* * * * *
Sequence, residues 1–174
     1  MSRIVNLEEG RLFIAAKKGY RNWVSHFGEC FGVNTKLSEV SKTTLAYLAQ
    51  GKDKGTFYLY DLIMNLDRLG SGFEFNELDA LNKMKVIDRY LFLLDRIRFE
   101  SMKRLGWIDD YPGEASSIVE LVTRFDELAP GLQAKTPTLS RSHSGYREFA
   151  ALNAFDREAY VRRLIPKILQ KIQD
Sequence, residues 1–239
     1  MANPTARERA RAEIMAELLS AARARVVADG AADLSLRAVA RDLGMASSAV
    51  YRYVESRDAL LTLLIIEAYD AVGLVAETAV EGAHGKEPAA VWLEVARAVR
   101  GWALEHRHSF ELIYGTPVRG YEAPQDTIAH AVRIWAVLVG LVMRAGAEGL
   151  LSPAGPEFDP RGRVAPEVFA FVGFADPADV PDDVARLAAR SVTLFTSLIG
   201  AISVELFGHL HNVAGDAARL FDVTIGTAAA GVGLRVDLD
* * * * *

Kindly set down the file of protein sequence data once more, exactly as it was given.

Sequence, residues 1–174
     1  MSRIVNLEEG RLFIAAKKGY RNWVSHFGEC FGVNTKLSEV SKTTLAYLAQ
    51  GKDKGTFYLY DLIMNLDRLG SGFEFNELDA LNKMKVIDRY LFLLDRIRFE
   101  SMKRLGWIDD YPGEASSIVE LVTRFDELAP GLQAKTPTLS RSHSGYREFA
   151  ALNAFDREAY VRRLIPKILQ KIQD
Sequence, residues 1–239
     1  MANPTARERA RAEIMAELLS AARARVVADG AADLSLRAVA RDLGMASSAV
    51  YRYVESRDAL LTLLIIEAYD AVGLVAETAV EGAHGKEPAA VWLEVARAVR
   101  GWALEHRHSF ELIYGTPVRG YEAPQDTIAH AVRIWAVLVG LVMRAGAEGL
   151  LSPAGPEFDP RGRVAPEVFA FVGFADPADV PDDVARLAAR SVTLFTSLIG
   201  AISVELFGHL HNVAGDAARL FDVTIGTAAA GVGLRVDLD